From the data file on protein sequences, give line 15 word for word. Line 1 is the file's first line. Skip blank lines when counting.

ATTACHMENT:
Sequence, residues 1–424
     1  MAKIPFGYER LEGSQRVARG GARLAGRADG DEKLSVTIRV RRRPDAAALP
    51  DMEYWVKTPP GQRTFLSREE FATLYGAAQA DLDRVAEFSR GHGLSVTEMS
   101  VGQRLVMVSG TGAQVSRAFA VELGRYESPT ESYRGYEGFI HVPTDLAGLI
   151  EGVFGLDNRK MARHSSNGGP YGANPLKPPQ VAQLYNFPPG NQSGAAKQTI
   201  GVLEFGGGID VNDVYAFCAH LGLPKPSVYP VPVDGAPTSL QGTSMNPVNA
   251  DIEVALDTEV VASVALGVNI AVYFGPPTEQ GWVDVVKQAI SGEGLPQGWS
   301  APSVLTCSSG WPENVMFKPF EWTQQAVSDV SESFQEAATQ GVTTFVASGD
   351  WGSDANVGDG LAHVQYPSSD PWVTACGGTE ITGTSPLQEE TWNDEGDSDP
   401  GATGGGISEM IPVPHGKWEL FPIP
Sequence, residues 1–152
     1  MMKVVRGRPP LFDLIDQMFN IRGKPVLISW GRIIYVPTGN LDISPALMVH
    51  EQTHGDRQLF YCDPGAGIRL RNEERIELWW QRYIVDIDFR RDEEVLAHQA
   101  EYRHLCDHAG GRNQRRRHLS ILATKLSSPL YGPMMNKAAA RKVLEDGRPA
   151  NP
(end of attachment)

   151  NP